Amnesty International Annual Report 2012 - Libya
|Publication Date||24 May 2012|
|Cite as||Amnesty International, Amnesty International Annual Report 2012 - Libya, 24 May 2012, available at: http://www.refworld.org/docid/4fbe392b5.html [accessed 31 July 2015]|
Head of state: Mostafa Abdeljalil (effectively replaced Mu'ammar al-Gaddafi in August)
Head of government: Abdurrahim al-Keib (replaced Mahmoud Jibril in October, who replaced al-Baghdadi Ali al-Mahmoudi in August)
Death penalty: retentionist
Population: 6.4 million
Life expectancy: 74.8 years
Under-5 mortality: 18.5 per 1,000
Adult literacy: 88.9 per cent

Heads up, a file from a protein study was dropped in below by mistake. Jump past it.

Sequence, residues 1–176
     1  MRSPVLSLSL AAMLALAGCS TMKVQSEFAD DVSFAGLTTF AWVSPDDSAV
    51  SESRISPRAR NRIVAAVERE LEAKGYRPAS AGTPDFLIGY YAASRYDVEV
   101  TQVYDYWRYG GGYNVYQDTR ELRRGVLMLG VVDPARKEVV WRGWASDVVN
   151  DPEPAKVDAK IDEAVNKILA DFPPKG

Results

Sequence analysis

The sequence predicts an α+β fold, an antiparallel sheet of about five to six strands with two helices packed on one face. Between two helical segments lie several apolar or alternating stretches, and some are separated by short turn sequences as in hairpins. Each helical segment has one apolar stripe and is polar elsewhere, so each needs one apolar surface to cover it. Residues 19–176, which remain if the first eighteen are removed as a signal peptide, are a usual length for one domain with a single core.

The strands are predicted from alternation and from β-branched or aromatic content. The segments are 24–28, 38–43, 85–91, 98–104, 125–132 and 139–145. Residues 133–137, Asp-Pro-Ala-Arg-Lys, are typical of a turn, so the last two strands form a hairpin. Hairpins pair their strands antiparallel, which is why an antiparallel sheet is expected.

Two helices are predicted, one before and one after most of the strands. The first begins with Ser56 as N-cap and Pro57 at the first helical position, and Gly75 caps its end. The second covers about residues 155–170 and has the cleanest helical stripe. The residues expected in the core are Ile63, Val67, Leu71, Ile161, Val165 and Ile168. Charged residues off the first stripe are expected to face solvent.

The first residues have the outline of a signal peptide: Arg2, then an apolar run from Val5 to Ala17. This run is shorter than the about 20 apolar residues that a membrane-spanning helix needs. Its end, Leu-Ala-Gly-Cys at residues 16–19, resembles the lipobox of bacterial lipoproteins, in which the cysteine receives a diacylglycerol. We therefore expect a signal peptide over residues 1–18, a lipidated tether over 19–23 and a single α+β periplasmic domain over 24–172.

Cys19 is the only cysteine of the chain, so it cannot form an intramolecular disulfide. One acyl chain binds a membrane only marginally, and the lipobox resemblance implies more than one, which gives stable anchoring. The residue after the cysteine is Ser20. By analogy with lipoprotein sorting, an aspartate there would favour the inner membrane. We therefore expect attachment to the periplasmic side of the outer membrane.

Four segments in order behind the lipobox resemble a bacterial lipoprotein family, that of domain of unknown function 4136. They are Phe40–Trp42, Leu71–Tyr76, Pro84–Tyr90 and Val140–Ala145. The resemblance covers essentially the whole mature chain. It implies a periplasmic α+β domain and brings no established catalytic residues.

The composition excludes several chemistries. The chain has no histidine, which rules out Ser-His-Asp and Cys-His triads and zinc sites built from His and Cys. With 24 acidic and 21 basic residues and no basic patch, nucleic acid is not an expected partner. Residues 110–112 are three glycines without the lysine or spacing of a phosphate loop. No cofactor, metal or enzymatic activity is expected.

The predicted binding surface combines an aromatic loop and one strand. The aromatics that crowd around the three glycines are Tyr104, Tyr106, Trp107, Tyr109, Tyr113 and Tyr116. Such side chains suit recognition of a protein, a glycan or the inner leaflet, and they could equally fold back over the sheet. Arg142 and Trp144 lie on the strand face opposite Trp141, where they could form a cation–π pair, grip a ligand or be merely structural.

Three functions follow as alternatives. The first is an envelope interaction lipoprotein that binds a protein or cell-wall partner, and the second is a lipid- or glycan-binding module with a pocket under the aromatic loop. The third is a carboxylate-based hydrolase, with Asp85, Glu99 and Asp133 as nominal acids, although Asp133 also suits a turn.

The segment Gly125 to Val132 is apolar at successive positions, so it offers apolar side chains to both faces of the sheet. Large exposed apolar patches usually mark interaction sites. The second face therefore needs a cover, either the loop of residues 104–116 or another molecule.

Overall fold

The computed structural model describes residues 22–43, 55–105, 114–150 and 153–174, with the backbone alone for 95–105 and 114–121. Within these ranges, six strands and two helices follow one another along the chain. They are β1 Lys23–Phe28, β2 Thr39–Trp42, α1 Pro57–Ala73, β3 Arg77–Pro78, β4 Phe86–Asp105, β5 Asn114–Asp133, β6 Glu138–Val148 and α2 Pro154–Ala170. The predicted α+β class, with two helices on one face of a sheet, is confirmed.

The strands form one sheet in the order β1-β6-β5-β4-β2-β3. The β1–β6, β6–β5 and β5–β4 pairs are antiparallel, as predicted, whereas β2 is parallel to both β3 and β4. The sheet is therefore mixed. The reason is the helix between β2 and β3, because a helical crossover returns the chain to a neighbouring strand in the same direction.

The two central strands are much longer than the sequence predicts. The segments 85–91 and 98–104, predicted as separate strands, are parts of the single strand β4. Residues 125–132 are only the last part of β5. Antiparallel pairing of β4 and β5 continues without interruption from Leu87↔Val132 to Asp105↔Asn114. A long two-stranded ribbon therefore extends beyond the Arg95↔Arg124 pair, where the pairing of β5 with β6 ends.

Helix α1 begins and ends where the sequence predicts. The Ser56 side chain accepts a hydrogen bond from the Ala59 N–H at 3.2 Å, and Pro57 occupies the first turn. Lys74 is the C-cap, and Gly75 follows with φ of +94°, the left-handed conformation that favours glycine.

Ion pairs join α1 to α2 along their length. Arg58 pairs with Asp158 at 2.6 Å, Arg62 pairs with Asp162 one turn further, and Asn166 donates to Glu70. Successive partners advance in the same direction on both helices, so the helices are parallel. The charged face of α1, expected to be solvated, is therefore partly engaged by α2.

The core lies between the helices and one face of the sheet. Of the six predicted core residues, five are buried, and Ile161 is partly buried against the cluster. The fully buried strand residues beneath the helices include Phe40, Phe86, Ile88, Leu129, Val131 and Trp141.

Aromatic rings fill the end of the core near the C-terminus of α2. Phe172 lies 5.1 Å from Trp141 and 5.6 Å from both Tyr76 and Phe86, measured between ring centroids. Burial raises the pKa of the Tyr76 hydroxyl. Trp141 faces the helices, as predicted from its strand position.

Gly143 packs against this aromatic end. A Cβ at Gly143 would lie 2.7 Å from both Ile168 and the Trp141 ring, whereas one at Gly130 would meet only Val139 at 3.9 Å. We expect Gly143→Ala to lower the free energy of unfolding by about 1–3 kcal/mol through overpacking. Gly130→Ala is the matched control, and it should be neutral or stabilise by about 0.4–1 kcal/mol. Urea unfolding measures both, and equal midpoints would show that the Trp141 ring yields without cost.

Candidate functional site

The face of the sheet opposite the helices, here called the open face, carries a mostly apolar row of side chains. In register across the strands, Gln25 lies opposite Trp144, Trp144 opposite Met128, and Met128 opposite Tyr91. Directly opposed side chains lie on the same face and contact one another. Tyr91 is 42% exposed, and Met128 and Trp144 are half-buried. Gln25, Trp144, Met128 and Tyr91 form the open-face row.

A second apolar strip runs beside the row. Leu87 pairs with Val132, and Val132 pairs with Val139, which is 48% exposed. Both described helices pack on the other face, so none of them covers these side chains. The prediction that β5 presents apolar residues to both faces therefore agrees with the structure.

Forces loyal to Libyan leader Colonel Mu'ammar al-Gaddafi unlawfully killed and injured several thousand people, including peaceful protesters and bystanders, after anti-government protests broke out in mid-February and then developed into an armed conflict that lasted around eight months. During the conflict, international forces, acting under a UN Security Council mandate to protect civilians, attacked al-Gaddafi forces from the air, helping to tip the balance in favour of opposition forces. Al-Gaddafi forces fired mortars, artillery and rockets into residential areas and used anti-personnel mines, cluster munitions and other inherently indiscriminate weapons; these indiscriminate attacks caused numerous civilian casualties, particularly in Misratah, Libya's third largest city. Al-Gaddafi forces also abducted thousands of individuals and tortured or ill-treated them, and extrajudicially executed captured fighters and other detainees. Opposition forces used rockets and other indiscriminate weapons in residential areas. Even after the National Transitional Council (NTC) – the loosely structured leadership of the opposition to Colonel al-Gaddafi established in late February – took control of most of the country in late August, it failed to get a grip on the militias formed during the conflict. War crimes and other violations of human rights and international humanitarian law committed during the conflict by both parties added to the dismal legacy of human rights violations of previous years. The conflict exacerbated pre-existing xenophobia and racial tensions against foreign nationals. Opposition militias took captive thousands of suspected al-Gaddafi loyalists, soldiers and alleged "African mercenaries", many of whom were beaten and abused in custody and remained held without trial, or any means to challenge the legality of their detention at the end of the year, months after the conflict ended. Scores of other suspected al-Gaddafi loyalists were killed upon or following capture by opposition fighters; among the victims were the ousted Libyan leader himself and one of his sons. Opposition forces also looted and burned homes and carried out revenge attacks and other reprisals against alleged al-Gaddafi supporters. The conflict saw hundreds of thousands of people fleeing, resulting in mass displacement inside and outside Libya, and prompting major evacuation efforts. Impunity for gross human rights violations of the past and ongoing abuses by militias remained entrenched. Discrimination against women continued in law and practice.